Without evaluating the effect of P2P on cost you're really not able to say anything about the economic effect of P2P at all.

    -stormin
  • Before, to get known by the people, an artist had to INVEST lots of money. The recording companies provided that, in exchange for a VERY HIGH return of investment.

    Now, the recording companies are not able to invest in low-profile musicians, but these musicians DON'T NEED THEM TO. Because they have file sharers and Indy websites to do the work.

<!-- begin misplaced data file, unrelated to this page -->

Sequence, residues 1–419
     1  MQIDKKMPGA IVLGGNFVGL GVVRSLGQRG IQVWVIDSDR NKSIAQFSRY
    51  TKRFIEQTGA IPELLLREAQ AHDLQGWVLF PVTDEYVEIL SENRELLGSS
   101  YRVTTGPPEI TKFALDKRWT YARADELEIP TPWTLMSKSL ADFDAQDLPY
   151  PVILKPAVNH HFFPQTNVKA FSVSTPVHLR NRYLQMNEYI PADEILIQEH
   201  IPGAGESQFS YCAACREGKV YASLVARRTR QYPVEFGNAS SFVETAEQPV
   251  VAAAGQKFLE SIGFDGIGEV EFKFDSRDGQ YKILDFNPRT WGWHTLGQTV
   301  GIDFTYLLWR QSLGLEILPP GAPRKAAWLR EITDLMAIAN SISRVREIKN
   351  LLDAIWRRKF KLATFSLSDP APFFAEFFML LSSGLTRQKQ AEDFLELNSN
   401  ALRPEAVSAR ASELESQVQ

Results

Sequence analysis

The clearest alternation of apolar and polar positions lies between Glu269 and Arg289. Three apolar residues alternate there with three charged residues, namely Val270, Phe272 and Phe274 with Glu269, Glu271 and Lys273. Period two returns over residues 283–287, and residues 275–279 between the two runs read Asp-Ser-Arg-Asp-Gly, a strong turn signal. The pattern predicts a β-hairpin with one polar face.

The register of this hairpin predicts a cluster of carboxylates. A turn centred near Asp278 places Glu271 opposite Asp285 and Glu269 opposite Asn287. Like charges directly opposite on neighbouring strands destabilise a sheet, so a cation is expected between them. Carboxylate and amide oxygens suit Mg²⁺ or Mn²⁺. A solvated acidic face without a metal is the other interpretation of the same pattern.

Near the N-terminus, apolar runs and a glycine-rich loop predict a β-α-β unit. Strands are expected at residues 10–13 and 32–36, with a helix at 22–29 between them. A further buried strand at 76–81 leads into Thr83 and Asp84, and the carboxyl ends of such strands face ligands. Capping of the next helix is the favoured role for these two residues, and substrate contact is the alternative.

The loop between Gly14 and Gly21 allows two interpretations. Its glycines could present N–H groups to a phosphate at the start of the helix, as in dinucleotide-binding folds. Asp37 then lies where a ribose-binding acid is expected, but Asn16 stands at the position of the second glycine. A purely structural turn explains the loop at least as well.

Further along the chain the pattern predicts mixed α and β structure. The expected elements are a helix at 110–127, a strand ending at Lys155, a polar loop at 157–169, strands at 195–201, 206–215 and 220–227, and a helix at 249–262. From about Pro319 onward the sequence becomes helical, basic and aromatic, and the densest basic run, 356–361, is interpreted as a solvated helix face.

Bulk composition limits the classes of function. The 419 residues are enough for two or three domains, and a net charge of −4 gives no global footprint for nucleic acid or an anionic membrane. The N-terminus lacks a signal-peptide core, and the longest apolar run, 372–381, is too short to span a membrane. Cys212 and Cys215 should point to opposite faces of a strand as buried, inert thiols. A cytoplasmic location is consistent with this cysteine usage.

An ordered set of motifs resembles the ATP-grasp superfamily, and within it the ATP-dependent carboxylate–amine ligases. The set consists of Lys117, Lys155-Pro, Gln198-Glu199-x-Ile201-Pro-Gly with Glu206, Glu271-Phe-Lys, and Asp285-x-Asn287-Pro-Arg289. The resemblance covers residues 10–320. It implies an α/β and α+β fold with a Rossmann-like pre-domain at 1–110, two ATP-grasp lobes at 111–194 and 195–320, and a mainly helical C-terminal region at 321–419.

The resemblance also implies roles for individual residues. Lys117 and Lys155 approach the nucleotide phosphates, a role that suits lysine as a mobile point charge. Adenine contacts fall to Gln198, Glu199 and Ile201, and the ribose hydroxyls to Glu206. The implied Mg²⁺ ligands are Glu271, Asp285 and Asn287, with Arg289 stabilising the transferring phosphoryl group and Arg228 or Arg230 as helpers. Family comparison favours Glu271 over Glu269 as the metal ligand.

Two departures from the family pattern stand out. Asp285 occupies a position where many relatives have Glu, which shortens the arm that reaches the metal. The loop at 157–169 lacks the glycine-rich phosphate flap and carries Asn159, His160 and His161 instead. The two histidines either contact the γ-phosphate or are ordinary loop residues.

I don't remember if 50 years ago there were radio or TV shows dedicated to getting unknown musicians to be heard by the public, but now anyone can go to these indepen
  • Factoring in the fact that a more leveled popularity exposes more people to more different types of music, making them more educated and therefore more useful in other fields.
    Therefore the lost revenues directly from the music sale is won back in overall "productivity" of those people...?

The ideal voice for radio may be defined as showing no substance, no sex, no owner, and a message of importance for every housewife. -- Harry V. Wade